In this edition we:
eCert makes it faster and easier for Australian exporters to send edible meat, seafood and dairy products to the EU. Image: Shutterstock
From April, Australia started an electronic certification (eCert) exchange with the European Union (EU).
Paper certificates are no longer needed for Australian edible meat, seafood and dairy products.
eCert makes trade arrangements simpler, more efficient, secure and better for the environment.
First Assistant Secretary of the Exports and Veterinary Services Division, Nicola Hinder praised the collaborative rollout.
During a recent trip to Brussels and Dublin, she said " Australia is the first system-to-system paperless exchange for meat, seafood and dairy products. This shows our commitment to modernisation.
"eCert is a fantastic step forward and aligns with our broader digitisation and trade reform strategies", she said.
In other modernisation through digitisation achievements, Australia signed an MOU with the Dubai Municipality which, when implemented, will launch eCerts for Australia in the Middle East.
Learn more about how we are transforming export services.
Interim trade agreement with India will open new opportunities for Australian Agriculture.
In April this year, Australia announced an interim trade agreement with India, opening new opportunities for our agriculture exports and deepening bilateral cooperation.
The Australia-India Economic Cooperation and Trade Agreement (AI-ECTA) covers nearly 90 percent of our current agriculture exports to India. This includes tariff elimination or reduction for sheep meat, wool, wine, horticulture, fisheries and forestry products. It will also provide new quotas for lentils, citrus, almonds, cotton and pears that will give Australian exporters a competitive advantage into the Indian market.
The agreement creates new opportunities for engagement with India on agricultural cooperation, biosecurity, and other bilateral trade and investment opportunities. There are new commitments to expand cooperation relating to trade in wine, and the conclusion of a mutual recognition assessment for organic products, and the development of an enhanced Memorandum of Understanding on agricultural cooperation.
AI-ECTA is expected to enter into force in the second half of this year. The agreement paves the way for Australia to seek broader coverage for our agriculture exports through the negotiation of a comprehensive free trade agreement.
This new partnership is another important step in strengthening Australia’s relationship with India and opening new opportunities across the rapidly growing Indian market for our farmers and agricultural exporters.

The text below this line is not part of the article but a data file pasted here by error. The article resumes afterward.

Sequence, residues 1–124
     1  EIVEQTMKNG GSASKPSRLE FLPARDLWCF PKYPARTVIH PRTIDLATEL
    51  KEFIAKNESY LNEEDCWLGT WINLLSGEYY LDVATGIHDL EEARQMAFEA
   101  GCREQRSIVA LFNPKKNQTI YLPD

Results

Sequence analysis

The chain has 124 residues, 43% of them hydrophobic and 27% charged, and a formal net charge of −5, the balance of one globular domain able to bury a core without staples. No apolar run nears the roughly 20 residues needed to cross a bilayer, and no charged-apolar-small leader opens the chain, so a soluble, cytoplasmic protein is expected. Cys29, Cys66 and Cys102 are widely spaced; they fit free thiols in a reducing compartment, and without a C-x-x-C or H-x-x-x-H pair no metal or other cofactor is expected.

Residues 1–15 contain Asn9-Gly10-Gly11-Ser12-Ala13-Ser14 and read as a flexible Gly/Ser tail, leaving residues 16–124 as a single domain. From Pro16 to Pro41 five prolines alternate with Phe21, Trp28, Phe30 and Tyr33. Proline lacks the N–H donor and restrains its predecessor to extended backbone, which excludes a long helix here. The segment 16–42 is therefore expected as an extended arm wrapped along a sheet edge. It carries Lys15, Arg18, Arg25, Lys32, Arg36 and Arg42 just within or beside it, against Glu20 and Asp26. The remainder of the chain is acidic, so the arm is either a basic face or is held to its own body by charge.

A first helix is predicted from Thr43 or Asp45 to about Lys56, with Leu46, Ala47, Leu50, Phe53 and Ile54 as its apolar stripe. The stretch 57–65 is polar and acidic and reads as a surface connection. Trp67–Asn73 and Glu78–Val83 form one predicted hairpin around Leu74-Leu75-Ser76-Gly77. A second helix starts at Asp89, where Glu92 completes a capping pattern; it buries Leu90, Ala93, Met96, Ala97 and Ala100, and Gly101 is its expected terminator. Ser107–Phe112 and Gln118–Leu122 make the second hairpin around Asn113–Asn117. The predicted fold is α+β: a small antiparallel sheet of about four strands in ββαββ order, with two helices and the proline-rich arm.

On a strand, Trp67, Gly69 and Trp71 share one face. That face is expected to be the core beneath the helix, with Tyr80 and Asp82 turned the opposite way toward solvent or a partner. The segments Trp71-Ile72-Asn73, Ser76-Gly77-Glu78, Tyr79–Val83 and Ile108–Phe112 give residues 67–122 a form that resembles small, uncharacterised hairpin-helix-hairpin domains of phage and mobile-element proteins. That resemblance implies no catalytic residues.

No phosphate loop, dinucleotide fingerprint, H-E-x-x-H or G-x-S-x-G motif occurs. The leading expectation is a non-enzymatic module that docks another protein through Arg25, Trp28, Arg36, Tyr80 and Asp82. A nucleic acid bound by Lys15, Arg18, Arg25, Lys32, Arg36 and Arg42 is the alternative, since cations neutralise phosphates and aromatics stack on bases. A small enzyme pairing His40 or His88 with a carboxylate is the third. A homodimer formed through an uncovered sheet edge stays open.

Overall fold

Sign up for user research to test new digital services. Modernising the experience of exporting from Australia means transforming everything from certification and communication to regulation tech and processes. Your involvement could inform:
Signing up also means you might be shown prototypes and ideas before they're released to the public.
To get involved visit the trade reform research panel.
A meeting with the Peruvian Health Ministry’s Food Regulations team discussing labelling requirements for Australian food exports to Peru. Image: DAWE
Australian agriculture, fisheries and forestry exports to Peru have grown from $7.4 million (2019) to $57.5 million (2021). This 681 per cent increase is mainly driven by a huge increase in malt and malting barley exports for use by Peru’s brewing industry.
Australia’s Ambassador to Peru and Agriculture Counsellor - Ian Mortimer, and Ambassador Marie Ringland meeting with AB-InBev (Backus) Peru team. All beer shown is exclusively made using Australian Malting Barley! Image: DAWE
Reducing the tariff rate from nine per cent to zero, the Peru Australia Free Trade Agreement (PAFTA) increased the competitiveness of Australian barley putting us on equal footing with Argentina, Canada, Chile, the EU and the US (Source: ITC Market Access Map 2022). This great collaboration means Australian malting barley is a key ingredient of the very popular and tasty Peruvian beer.
PAFTA has also reduced and eliminated other barriers to trade. This includes substantial tariff reductions on lamb, beef, veal, pork and seafood. As well as wheat, dairy, rice, beverages and spirits, fruit, vegetables, vinegar and sugar. These reductions mean we are on track to achieving our goal of reducing tariffs to zero percent by 2025.
Peru joined the Comprehensive and Progressive agreement for Trans-Pacific Partnerships (CPTPP) which entered into force for Peru on 19 September 2021. The reduction in tariffs under CPTPP increased market access and the attractiveness of Australian exports in the Peruvian market.
Peru’s agriculture, fisheries and forestry imports have historically been supplied by countries in the Americas. However, the European Union, Thailand and New Zealand also maintain a sizeable market share (Source: UN Comtrade 2022). Learn more about opportunities for Australian exporters under PAFTA at: Australian Trade and Investment Commission.
Five new trade reform projects are set to help save time, money, audits and duplication for plant exporters. Some use technology and others rely on improving existing ways of working.